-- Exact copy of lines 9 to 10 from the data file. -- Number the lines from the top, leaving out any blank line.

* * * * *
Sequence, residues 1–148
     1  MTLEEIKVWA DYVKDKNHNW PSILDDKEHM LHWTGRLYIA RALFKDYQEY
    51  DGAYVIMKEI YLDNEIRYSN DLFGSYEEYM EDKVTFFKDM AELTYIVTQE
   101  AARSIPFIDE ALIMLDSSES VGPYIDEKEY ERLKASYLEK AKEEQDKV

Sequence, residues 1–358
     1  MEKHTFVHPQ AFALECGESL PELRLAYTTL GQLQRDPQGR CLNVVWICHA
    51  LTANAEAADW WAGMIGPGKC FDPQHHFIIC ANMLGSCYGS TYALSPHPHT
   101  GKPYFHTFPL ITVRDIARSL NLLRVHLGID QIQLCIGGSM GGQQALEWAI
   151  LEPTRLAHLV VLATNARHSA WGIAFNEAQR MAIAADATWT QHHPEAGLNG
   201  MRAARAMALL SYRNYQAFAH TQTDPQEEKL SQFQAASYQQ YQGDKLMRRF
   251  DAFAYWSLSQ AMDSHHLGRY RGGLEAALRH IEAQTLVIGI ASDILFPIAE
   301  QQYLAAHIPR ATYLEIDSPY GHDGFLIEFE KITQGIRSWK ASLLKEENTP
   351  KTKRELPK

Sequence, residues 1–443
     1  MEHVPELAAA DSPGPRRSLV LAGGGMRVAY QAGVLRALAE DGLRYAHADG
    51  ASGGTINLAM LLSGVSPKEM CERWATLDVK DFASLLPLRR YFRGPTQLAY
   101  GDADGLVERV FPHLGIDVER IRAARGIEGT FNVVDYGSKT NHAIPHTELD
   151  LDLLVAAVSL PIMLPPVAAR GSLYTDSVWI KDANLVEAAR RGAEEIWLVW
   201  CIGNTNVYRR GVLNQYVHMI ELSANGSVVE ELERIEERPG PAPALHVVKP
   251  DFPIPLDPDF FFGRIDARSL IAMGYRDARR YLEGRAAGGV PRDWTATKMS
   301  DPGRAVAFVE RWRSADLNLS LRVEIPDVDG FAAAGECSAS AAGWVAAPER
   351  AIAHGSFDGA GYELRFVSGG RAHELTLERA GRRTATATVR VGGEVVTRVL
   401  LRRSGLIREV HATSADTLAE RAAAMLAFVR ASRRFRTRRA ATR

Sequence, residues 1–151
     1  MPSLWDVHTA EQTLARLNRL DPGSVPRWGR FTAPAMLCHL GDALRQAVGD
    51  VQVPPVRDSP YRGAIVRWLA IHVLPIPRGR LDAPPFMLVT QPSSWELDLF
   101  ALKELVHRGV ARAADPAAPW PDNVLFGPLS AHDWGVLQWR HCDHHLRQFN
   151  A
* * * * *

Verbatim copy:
   151  LEPTRLAHLV VLATNARHSA WGIAFNEAQR MAIAADATWT QHHPEAGLNG
   201  MRAARAMALL SYRNYQAFAH TQTDPQEEKL SQFQAASYQQ YQGDKLMRRF